Regardless of our differences on economic policies and how to deal with social problems, may this election give us all a renewed resolve to promote basic scriptural virtues so needed for healthy community – humility, respect, kindness, honesty, patience, compassion, temperance – “bearing one another in love and eager to maintain unity of the Spirit in the bond of peace” (Eph 4:1-3). I truly believe that it all comes down to the virtues of true holiness in our Wesleyan tradition, combined with the Wesleyan/Christian calling to look in the mirror more than out a window to see the faults of others.  We are called to build each other up from the inside out.

In Christ, there is no “us and them.” If we let this division and judgment into our hearts, we are all in trouble. Please do not revert into comfortable camps or stay only on one side of the aisle with backs turned to the other.  That way is much too easy…and puts us all at risk.   As people of faith, on both sides of the so-called aisle, we can be the ones who can lead the way to reconciliation and restored moral decency.  Together, we have the spiritual resources, perspective, and temperament to do this, if we are also willing to embrace the needed spiritual courage.

Bigotry in the Church (A Very Relevant Word from Wesley)

pic-bigotIt’s a strong word – Bigot – often associated with extreme prejudice. John Wesley actually used this word in direct connection to the church.  He defined bigotry as extreme “attachment to, or fondness for, our own party, opinion, church, and religion.” This is similar to the way he talked about orthodoxy.  Underlying bigotry is a form of self-righteousness, possibly combined with fear, where we focus on the outward sins of others while conveniently overlooking the “subtler, but no less destructive, forms of disobedience” within us.  This leads us to divide the world into “us and them” and causes great harm to our witness.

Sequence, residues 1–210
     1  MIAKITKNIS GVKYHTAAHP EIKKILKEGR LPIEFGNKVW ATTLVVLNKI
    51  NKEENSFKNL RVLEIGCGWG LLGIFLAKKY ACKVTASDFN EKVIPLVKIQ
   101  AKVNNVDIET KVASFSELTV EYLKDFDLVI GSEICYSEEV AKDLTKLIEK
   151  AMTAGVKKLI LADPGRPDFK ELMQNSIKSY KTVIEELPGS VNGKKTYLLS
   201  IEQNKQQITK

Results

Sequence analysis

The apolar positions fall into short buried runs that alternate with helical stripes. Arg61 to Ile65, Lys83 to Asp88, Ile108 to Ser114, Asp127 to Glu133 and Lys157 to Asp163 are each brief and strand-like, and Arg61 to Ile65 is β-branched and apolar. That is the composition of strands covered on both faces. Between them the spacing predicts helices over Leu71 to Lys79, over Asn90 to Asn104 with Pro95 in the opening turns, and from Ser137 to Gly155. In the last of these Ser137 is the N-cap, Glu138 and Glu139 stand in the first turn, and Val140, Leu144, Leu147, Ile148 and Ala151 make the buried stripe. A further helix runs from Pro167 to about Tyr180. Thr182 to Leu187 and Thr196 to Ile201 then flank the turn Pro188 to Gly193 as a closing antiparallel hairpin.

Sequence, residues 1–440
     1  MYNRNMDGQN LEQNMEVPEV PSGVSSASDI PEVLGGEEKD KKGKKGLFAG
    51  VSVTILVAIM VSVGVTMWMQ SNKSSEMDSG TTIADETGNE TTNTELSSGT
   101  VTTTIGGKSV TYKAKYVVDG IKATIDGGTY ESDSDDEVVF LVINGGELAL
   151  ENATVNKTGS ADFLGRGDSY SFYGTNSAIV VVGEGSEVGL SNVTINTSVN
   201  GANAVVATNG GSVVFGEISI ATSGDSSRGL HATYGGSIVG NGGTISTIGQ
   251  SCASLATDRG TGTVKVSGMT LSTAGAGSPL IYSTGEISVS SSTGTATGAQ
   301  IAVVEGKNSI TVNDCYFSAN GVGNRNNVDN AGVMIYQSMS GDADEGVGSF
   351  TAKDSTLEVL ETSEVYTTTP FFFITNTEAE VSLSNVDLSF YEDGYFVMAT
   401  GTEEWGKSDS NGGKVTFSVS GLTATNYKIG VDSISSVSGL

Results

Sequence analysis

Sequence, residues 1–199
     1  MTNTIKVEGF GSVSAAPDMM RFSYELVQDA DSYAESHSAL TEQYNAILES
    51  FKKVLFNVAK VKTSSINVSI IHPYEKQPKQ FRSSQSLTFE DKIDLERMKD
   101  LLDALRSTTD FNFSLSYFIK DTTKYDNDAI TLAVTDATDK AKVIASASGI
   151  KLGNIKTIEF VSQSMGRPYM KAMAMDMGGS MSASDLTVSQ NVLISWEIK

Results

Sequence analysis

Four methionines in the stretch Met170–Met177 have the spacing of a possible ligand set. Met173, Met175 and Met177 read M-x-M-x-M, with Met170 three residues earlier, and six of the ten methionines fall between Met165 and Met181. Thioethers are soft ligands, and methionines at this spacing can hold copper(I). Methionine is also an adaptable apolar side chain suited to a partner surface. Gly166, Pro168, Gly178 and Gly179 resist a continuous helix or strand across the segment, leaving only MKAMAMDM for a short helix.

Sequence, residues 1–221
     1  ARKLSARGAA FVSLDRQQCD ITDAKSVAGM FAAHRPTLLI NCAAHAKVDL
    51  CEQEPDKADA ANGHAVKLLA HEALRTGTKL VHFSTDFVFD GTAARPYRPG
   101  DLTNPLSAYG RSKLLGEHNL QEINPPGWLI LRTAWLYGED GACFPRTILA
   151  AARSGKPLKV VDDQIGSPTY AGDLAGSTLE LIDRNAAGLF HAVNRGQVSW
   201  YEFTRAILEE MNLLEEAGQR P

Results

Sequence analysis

In the midst of the blessed diversity of perspectives among us, Wesley warns against party zeal and how it can override our call to love.  Wesley challenges us to be attentive to God’s work in others, especially in those who differ from us, even when what seems “efficacious to [another] is horrid to [us].”   If another seems to be bearing good fruit, then who are we to judge?  As Jesus says, “Bless them and do not try to hinder their work.” “Forbid them not” – even if they are only a “lay person,” says Wesley. That certainly says something about an issue of his day.